Jungle training for Butterworth deployment

Blistering heat, dense jungle, feet that never dry, and more mosquitos than you could poke a stick at.

CAPTION: Lieutenant David Adams, centre, from the 6th Battalion, Royal Australian Regiment, briefs Major David Hodge, left, at the Combat Training Centre – Jungle Training Wing, Tully, Queensland. Story by Captain Taylor Lynch. Photo by Corporal Brodie Cross.

These are the conditions personnel from the 6th Battalion, Royal Australian Regiment, spent a week training in last month at the Jungle Training Wing at Tully in Far North Queensland.

Delta Company members refined their infantry skills in the harsh tropical conditions in preparation for their upcoming deployment to Malaysia as Rifle Company Butterworth 133 where they will train with Australia’s regional partners.

Platoon Commander Lieutenant David Adams said the jungle was a complex environment that trained the platoon to operate more effectively.

“There’s quite a few challenges that don’t often present themselves,” Lieutenant Adams said.

“We’ve been refining dismounted minor tactics, platoon and section patrolling, ambushing, attacks, search techniques, site exploitation and intelligence recovery, reconnaissance, camp searches, ambushes.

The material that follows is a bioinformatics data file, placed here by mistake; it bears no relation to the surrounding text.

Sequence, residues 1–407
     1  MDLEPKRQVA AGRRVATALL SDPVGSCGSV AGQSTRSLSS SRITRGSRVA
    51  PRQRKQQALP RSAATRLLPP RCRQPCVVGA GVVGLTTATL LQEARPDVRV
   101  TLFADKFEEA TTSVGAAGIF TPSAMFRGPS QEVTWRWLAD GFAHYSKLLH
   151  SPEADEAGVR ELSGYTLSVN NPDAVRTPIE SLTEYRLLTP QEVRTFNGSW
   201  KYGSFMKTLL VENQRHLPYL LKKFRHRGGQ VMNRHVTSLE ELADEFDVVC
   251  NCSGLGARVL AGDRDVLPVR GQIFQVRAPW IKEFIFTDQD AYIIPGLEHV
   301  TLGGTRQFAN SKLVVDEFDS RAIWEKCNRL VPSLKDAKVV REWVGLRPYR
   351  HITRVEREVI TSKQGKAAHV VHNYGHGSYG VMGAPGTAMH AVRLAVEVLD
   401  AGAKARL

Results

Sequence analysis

“It’s a hard environment and, for a young group of soldiers, they’ve definitely bonded.

“They’re working really well together as a team.”

CAPTION: Lance Corporal Mitchell Sheeran from the 6th Battalion, Royal Australian Regiment, provides security for his section at the Combat Training Centre – Jungle Training Wing. Photo by Corporal Brodie Cross.

Private Tom Phillipson said his section had improved over the short exercise, learning each other’s traits through the challenges they had to overcome.

“The jungle is so thick and it’s such a close environment, your group becomes closer,” Private Phillipson said.

“All your basic skills become very important and they’re ingrained in you.

“We get to learn everyone’s traits and how they operate individually, and we have matured as a section.”

Private Phillipson described what it was like to have his senses honed, and adapting to the harsh demands of operating in the jungle.

“I like always having a job to do out here; you’re looking for everything and your mind is always occupied, being able to spot an ambush before they ambush us,” he said.

“We’ve ironed out our creases, so when we get to Malaysia, it’ll be a lot smoother, and a lot easier.”

Private Phillipson said it wasn’t all plain sailing, however, and that Tully had plenty of uncomfortable obstacles for his section to adapt to.

“I trekked Kokoda a few years ago so there are some similarities, but there’s not quite as many mozzies as we have here in Tully, especially when you’re low to the ground,” he said.

“The mozzies just flock straight to you.”





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